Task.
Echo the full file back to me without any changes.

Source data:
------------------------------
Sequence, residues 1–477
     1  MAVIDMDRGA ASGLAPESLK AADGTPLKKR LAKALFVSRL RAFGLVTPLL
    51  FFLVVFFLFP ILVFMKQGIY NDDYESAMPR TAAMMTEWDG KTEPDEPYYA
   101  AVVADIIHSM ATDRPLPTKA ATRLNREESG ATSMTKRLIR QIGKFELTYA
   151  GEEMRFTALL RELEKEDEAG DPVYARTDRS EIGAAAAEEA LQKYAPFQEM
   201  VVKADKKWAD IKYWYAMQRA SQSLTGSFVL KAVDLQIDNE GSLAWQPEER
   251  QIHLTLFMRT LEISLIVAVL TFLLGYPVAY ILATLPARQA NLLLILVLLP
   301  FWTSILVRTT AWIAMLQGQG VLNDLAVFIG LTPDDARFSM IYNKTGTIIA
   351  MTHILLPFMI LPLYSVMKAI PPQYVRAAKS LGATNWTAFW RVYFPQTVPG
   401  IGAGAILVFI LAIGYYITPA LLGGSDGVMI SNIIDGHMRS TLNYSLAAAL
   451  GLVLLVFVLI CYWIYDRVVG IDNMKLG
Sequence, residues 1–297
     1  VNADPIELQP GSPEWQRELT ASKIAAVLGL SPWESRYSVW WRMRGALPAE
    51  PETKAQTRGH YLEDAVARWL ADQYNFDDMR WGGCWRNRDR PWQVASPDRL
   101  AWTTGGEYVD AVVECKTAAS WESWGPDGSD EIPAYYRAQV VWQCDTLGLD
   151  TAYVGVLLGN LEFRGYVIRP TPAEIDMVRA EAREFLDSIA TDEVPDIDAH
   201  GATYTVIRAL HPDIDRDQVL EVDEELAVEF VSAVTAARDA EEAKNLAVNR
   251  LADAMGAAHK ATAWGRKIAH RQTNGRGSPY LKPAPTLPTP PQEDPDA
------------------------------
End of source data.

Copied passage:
Sequence, residues 1–477
     1  MAVIDMDRGA ASGLAPESLK AADGTPLKKR LAKALFVSRL RAFGLVTPLL
    51  FFLVVFFLFP ILVFMKQGIY NDDYESAMPR TAAMMTEWDG KTEPDEPYYA
   101  AVVADIIHSM ATDRPLPTKA ATRLNREESG ATSMTKRLIR QIGKFELTYA
   151  GEEMRFTALL RELEKEDEAG DPVYARTDRS EIGAAAAEEA LQKYAPFQEM
   201  VVKADKKWAD IKYWYAMQRA SQSLTGSFVL KAVDLQIDNE GSLAWQPEER
   251  QIHLTLFMRT LEISLIVAVL TFLLGYPVAY ILATLPARQA NLLLILVLLP
   301  FWTSILVRTT AWIAMLQGQG VLNDLAVFIG LTPDDARFSM IYNKTGTIIA
   351  MTHILLPFMI LPLYSVMKAI PPQYVRAAKS LGATNWTAFW RVYFPQTVPG
   401  IGAGAILVFI LAIGYYITPA LLGGSDGVMI SNIIDGHMRS TLNYSLAAAL
   451  GLVLLVFVLI CYWIYDRVVG IDNMKLG
Sequence, residues 1–297
     1  VNADPIELQP GSPEWQRELT ASKIAAVLGL SPWESRYSVW WRMRGALPAE
    51  PETKAQTRGH YLEDAVARWL ADQYNFDDMR WGGCWRNRDR PWQVASPDRL
   101  AWTTGGEYVD AVVECKTAAS WESWGPDGSD EIPAYYRAQV VWQCDTLGLD
   151  TAYVGVLLGN LEFRGYVIRP TPAEIDMVRA EAREFLDSIA TDEVPDIDAH
   201  GATYTVIRAL HPDIDRDQVL EVDEELAVEF VSAVTAARDA EEAKNLAVNR
   251  LADAMGAAHK ATAWGRKIAH RQTNGRGSPY LKPAPTLPTP PQEDPDA